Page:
GREENPOINT – A park slated for the northern tip of Greenpoint has gone back to the drawing board for a bit after being presented to the community and found lacking.
While the design for the 50 Kent portion of the Bushwick Inlet Park was approved by Community Board 1 this week at the recommendation of the Parks and Waterfront Committee, the Box Street Park on Commercial Street has proven a bit more problematic.
The future park space is sandwiched between two empty development sites that will soon be occupied by waterfront towers. Currently, it’s home to city paratransit vehicles. The process of finding a new home for those vehicles has been arduous enough, but now, the proposed design for the park itself was turned down by the Parks and Waterfront Committee.
The design features a lawn overlook that preserves views towards Manhattan, along with picnic seating, trees, and a dog park. There’s also a basketball court in the park, though the main focus has been on passive space—much like Bushwick Inlet.
There were some minor concerns raised about the design, like how much the bathrooms would cost, their position next to the entryway, and the types of seating. Representatives from the NYC Parks Department and Stantec, the designers, answered as best they could, explaining the constraints imposed by the city budget and the existence of a small emergency vehicle parking lot which won’t be moved for some time.
The chief complaint, however, was the lack of interaction with the waterline at Newtown Creek. Despite the polluted nature of the waterway, residents were insistent that any park design include a riprap edge instead of the bulwark walls in the proposal.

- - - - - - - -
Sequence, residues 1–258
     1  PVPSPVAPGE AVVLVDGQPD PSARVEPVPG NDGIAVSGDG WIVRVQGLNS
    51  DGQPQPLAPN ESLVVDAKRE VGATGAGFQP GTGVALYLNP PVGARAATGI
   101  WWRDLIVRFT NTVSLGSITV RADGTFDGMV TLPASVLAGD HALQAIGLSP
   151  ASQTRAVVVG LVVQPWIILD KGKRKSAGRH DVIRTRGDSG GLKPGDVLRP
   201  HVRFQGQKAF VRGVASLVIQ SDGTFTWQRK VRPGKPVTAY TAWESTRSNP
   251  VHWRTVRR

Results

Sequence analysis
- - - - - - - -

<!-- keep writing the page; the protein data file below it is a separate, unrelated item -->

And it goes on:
According to Stantec engineers, the draft design opted out of the riprap edge due to poor soil conditions at the edge of the water and the need to dredge part of the creek during construction. These high costs, combined with the 35-foot zone needed to step down to the water, led to the plans for a sea-wall edge.
Residents weren’t happy, however, as nearby developments were also taking the route of least resistance while constructing their sections of the esplanade, like the ones at the nearby Greenpoint Landing.
With residents considering the Box Street Park as one of the last chances to capitalize on promises made during the Greenpoint waterfront rezoning process years ago, the lack of an interactive water’s edge became a sticking point—no matter the potential cost.
The Parks and Waterfront Committee sent designers back to the drawing board, but so far, there’s no concrete deadline for when they might see a new draft.
“We always strive to incorporate community input into a design where feasible and within budget confines and site conditions. We are still thoughtfully considering all feedback from the community, but we do not yet have a revised design for Box Street to present,” said a Parks Department spokesperson.